music making

Playing Tip: RELAX and Just Be You

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This is a shorty so here goes.....

In the world of music and being a musician, performer, composer and teacher, I often see people who are trying to play like someone else. I’ll admit, I’ve fallen into this trap as well especially as a performer.  I remember times in the not so distant past, trying to play didgeridoo like this person or that person and falling flat on my face. It’s a special brand of self-torture I think we all engage in from time to time. Especially when we find someone who excites us so much we want to do what they’re doing. The truth is, we can’t do what they do, in the way they do it. And we shouldn’t. It leaves little room to find our own voice. I think there are a couple of reasons why we engage in trying to play like someone else. One is healthy and the other is not. It seems the healthy way is to play like your hero so you can use these skills as a springboard to explore your own voice and gifts. The unhealthy way is to keep playing like your hero in hopes of sounding like them. Enter the special brand of self-torture of feeling so unsatisfied with your own playing that often times you feel like quitting. So what can one do to get out of this trap if we find ourselves in it? I offer this tip.....

Just sit for a moment, let yourself breathe and your mind relax and then, when you really feel ready, just let yourself simply play your instrument and truly love what you hear.

That’s it. It’s that simple.

We live in a complicated world where we feel that to make things more complicated than they are is the way to success. The harder we work at something, the more we feel we’re accomplishing something. Actually, the opposite it true. If we can get ourselves to relax into what we’re doing and just love what we are hearing and allow ourselves to be where we’re at (i.e. engaging in non self-judgment or in “beginners mind”) then we stand a chance to finding that voice from within that is trying to express itself through you. This works as much in life as it does in making music. So if you find yourself trying to sound like so and so because the are sooooo cool, you can do that but let it be place where you can use it as a jumping off point to find your own expression.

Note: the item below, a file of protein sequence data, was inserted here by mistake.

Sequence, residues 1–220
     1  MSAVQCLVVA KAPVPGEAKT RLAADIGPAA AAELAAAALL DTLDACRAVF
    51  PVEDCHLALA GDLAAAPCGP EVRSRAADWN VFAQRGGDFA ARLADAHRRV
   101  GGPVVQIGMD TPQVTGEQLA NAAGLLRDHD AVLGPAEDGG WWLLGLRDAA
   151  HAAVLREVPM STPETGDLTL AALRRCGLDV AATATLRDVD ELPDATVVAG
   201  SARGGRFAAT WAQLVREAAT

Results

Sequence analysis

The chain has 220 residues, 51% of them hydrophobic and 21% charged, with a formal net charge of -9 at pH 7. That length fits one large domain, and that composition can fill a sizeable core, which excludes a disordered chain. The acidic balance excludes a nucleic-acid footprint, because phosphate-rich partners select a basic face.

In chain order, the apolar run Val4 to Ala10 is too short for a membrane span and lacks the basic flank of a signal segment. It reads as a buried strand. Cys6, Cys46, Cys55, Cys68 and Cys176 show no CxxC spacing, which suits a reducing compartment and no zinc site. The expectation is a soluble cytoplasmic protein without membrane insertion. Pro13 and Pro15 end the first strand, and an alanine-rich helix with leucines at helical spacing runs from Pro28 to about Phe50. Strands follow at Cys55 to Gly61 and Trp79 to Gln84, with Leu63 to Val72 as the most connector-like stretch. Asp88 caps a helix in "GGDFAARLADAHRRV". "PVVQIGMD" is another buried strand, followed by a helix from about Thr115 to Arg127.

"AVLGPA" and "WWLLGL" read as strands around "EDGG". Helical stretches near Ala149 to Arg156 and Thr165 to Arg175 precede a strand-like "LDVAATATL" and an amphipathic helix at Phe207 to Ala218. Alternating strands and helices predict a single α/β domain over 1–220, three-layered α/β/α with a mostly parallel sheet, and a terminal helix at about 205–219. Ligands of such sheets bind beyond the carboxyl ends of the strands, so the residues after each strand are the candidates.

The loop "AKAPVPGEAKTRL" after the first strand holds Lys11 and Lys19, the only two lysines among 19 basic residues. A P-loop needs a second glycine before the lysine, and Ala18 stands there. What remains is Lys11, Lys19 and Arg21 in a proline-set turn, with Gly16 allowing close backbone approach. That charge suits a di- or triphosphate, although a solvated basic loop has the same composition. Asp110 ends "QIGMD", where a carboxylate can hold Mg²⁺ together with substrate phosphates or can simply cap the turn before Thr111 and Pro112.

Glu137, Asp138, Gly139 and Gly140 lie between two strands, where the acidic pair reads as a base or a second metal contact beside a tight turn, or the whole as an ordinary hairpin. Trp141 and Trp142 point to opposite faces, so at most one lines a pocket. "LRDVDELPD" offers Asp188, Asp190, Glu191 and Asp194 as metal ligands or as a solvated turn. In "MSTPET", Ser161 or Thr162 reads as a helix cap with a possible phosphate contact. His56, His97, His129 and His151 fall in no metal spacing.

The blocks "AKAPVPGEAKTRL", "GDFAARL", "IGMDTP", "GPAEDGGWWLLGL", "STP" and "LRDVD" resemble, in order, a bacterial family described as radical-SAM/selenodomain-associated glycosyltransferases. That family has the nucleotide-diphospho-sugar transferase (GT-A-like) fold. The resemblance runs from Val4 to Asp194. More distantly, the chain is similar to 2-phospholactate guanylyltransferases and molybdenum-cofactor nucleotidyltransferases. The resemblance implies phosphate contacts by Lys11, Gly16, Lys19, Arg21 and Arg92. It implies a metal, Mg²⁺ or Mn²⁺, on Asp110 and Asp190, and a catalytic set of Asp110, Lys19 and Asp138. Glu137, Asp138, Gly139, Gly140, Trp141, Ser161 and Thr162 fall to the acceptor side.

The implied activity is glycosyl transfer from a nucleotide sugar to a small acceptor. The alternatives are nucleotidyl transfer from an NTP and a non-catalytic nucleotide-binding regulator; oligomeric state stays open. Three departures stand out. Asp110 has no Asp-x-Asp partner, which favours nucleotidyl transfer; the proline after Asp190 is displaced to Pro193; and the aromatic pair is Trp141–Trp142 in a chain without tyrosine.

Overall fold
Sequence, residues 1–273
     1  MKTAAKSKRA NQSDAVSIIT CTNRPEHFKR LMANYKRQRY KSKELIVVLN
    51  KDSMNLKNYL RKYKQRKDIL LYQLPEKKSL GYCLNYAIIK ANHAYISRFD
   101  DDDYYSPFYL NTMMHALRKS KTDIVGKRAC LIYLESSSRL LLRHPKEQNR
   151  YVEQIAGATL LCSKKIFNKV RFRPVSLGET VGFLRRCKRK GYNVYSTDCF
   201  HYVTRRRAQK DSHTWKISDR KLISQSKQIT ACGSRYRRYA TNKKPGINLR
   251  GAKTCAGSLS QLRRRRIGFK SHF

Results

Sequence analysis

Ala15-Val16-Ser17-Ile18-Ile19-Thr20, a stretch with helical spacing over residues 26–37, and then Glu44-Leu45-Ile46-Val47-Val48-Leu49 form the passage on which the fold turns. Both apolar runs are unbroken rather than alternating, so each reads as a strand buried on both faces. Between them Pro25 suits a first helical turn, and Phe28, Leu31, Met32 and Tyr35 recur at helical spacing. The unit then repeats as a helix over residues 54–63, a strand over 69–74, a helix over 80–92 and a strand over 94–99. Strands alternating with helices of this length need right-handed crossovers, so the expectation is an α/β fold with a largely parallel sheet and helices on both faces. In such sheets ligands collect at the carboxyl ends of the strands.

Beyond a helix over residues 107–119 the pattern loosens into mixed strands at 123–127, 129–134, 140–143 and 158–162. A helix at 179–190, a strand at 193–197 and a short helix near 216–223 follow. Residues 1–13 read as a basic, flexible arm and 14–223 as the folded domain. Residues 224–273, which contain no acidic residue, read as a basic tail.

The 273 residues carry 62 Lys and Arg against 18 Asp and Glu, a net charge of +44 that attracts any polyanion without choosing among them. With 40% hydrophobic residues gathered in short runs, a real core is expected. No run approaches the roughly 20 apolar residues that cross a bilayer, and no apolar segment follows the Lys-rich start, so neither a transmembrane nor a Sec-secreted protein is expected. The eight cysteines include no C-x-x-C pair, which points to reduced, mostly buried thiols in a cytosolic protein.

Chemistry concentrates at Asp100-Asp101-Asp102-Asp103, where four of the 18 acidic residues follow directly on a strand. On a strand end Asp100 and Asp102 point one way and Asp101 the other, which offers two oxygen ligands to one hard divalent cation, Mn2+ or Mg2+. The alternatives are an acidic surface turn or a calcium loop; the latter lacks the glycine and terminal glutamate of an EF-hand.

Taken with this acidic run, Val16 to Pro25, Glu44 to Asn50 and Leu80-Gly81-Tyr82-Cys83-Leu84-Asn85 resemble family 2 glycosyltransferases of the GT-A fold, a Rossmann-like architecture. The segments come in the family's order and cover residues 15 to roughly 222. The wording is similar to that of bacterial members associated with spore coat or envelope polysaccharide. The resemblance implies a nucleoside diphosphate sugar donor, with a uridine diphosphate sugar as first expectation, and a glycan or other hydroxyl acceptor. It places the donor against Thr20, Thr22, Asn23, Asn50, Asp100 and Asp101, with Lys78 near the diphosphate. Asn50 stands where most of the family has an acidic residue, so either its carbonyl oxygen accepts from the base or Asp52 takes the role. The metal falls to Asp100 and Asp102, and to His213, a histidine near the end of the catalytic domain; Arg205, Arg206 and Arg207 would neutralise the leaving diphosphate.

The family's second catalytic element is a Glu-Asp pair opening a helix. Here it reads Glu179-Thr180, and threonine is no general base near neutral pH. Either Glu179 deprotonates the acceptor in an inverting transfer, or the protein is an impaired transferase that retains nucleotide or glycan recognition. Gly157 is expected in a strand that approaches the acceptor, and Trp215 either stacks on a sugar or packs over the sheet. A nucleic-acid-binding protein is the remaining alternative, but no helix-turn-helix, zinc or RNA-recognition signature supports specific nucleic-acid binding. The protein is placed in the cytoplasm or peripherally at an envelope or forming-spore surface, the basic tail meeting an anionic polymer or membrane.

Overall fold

Nuff said. Now go make some beautiful noise and love THAT!




The Patreon Connection: Exploring Online Patron Support

To connect to my Patreon page just click the image above

To connect to my Patreon page just click the image above

As an independent artist, it's always a challenge to find ways of getting the music I make out there and find support for that music. For musicians, some avenues can include Youtube, websites, CD Baby, iTunes, Amazon Music and a whole host of other online platforms not to mention performing and touring.  Since I've never had the experience of being signed to a label, I've relied mostly on performing, personal connection and a DIY online presence through this website, social media and download sites to get the music out there. I've engaged in subscription services like Taxi (and independent A&R for film music), Music Marketing Manifesto and checked out more DIY tips for musicians than I care to admit. There is a LOT of great information out there but it can be overwhelming not to mention time consuming. Since the massive changes that the music industry has undergone over the last twenty years or so, there is no shortage of an ever-evolving plethora of avenues for content creators to get their work out there. Patreon is one of those avenues.

I heard about Patreon about two years ago while taking a webinar.  Patreon is a platform where patrons and creators can connect to bring music, art, dance, comics, great ideas or what have you to an audience. It's kind of like Kickstarter but instead of funding one project, Patreon is an ongoing effort where patrons opt in at "X" amount of dollars a month to support creators in their ever day work.  This great news for creators and independent artists because it smooths out and otherwise sporadic, if not unreliable, income base that most creators experience. So, if you're an independent artist or content creator, you may want to check out Patreon as a possible avenue for your work. For patrons, it can raise some question like:

"This sounds great but isn't it a bit like online begging?"